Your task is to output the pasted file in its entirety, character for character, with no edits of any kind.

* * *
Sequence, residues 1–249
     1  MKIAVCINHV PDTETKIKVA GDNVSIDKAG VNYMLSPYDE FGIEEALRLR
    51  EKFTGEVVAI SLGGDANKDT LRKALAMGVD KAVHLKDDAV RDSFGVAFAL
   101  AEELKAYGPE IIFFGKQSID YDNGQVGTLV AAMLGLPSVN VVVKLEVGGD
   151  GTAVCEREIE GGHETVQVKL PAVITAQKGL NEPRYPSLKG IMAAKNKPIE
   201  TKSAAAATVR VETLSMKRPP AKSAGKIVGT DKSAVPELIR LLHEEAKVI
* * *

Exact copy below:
Sequence, residues 1–249
     1  MKIAVCINHV PDTETKIKVA GDNVSIDKAG VNYMLSPYDE FGIEEALRLR
    51  EKFTGEVVAI SLGGDANKDT LRKALAMGVD KAVHLKDDAV RDSFGVAFAL
   101  AEELKAYGPE IIFFGKQSID YDNGQVGTLV AAMLGLPSVN VVVKLEVGGD
   151  GTAVCEREIE GGHETVQVKL PAVITAQKGL NEPRYPSLKG IMAAKNKPIE
   201  TKSAAAATVR VETLSMKRPP AKSAGKIVGT DKSAVPELIR LLHEEAKVI